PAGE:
Square and True
When the glue cured, I returned to my table saw and squared up the edges of the long blanks. With the second slice of the process, I ripped them to their final width. Then I used my power miter saw to crosscut the shelves and uprights (pieces 1 and 2) and even the TV shelf (pieces 3 and 4) to length. I cannot overemphasize how much trouble you will save yourself if these cuts are exactly square and true, so double-check your saw settings for each new cut.
With the components prepared, it was time to start machining the joints. These are straightforward dadoes and rabbets, but since they’re exposed, they need to fit snugly to look good. I decided to use a handheld plunge router to cut this joinery. These rabbets and dadoes could be formed on a table saw with a dado head just as easily. After I set up my router and made a few test joints using cutoffs from the actual stock, I continued to test the fit of the joints randomly throughout the routing process. Once the joints were all cut, it was time to assemble the bookcases.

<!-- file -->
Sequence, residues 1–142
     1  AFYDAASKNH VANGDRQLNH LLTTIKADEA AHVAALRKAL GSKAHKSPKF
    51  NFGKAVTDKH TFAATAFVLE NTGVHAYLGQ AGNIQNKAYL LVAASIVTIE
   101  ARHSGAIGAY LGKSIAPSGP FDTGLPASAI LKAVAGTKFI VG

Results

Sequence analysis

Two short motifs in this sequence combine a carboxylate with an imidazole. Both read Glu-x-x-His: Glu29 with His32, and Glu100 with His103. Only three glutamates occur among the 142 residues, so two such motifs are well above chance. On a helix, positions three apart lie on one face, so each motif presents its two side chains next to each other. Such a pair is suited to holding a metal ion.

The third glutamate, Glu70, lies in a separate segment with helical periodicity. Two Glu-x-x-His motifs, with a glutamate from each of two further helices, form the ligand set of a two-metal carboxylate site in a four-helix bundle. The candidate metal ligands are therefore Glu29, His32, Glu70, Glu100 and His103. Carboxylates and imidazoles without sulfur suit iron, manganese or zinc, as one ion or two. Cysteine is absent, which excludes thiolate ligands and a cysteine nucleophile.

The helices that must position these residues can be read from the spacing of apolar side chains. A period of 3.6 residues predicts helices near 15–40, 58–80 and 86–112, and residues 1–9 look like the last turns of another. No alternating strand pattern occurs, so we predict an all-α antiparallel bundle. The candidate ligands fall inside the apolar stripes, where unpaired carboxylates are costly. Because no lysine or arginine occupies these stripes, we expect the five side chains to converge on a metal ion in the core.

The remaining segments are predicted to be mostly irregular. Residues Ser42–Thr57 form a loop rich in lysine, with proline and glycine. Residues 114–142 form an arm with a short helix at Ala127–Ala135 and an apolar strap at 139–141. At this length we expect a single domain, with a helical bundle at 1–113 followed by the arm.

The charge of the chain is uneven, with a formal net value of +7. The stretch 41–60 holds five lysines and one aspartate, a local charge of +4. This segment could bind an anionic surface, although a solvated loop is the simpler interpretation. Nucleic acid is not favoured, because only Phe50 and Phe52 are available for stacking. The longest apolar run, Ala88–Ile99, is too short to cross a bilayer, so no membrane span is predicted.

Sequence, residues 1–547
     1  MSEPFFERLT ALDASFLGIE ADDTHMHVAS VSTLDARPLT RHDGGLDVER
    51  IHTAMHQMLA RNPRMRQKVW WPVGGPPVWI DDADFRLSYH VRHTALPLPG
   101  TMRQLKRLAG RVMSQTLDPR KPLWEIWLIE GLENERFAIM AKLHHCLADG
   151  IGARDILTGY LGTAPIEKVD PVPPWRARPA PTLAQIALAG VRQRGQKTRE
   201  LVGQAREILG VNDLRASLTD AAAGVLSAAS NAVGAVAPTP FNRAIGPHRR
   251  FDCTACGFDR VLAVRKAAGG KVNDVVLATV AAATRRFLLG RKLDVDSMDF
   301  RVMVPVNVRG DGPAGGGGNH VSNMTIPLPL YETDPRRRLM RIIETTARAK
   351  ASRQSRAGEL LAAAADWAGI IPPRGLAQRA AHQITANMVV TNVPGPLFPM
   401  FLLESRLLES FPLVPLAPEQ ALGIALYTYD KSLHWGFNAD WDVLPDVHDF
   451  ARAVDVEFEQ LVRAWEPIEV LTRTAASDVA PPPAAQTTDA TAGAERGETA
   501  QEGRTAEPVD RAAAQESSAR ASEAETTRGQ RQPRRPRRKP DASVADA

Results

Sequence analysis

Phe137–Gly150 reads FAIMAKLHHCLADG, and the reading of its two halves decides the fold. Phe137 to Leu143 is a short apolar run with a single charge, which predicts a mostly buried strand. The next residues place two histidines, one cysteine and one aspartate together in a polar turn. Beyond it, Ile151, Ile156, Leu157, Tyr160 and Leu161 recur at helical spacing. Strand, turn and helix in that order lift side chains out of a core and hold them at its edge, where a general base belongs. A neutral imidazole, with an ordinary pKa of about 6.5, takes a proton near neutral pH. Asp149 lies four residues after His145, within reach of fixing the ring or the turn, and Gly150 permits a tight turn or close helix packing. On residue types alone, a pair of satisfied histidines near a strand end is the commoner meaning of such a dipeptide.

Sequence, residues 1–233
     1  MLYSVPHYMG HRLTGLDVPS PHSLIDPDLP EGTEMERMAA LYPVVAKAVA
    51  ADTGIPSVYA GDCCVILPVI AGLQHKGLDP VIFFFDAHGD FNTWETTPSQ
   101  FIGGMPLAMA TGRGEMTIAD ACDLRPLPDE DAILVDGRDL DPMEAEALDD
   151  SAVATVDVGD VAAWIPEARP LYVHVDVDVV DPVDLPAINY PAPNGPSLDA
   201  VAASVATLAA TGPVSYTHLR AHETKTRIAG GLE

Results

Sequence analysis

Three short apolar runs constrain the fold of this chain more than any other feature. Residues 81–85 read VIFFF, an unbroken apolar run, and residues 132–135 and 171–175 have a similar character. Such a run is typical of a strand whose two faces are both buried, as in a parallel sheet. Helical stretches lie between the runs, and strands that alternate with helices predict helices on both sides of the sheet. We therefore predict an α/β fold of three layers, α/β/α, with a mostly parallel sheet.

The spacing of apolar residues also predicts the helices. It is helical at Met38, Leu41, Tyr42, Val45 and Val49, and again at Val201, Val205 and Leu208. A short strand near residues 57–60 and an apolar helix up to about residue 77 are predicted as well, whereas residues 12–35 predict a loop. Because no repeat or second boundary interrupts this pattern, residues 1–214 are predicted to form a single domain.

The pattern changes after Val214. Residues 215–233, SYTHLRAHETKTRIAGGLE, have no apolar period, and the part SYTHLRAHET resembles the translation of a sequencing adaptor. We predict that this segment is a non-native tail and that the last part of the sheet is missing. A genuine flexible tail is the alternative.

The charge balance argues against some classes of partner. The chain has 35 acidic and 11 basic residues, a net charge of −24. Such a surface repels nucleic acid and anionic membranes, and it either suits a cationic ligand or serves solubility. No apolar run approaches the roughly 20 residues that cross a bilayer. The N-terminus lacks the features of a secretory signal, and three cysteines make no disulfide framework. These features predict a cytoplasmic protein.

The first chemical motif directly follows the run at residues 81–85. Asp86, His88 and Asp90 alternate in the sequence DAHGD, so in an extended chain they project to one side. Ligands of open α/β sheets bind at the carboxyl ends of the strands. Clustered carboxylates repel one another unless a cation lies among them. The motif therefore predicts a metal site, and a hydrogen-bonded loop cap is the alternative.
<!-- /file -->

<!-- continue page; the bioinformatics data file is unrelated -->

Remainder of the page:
I used a foam paintbrush to apply a thin coat of glue to the faces of each joint. I built up one compartment at a time, checked them rigorously for square and allowed the glue to cure. If your joints are cut well, this process will go very smoothly. I glued the TV shelf and the fascia strips together in the same manner.
The Finish Line
You can’t escape it: now it’s time to sand. The maple veneer faces of the ApplePly need very little sanding, but the edges are a different story: they need to be sanded smooth right through to 180-grit. With that done, I applied three coats of dewaxed shellac and a final coat of wipe-on polyurethane.
And even if I am forced to say it myself, I’m very pleased with the results — full-sized mockups, basic joinery, sound design and good material combine to create a lovely little bookcase set.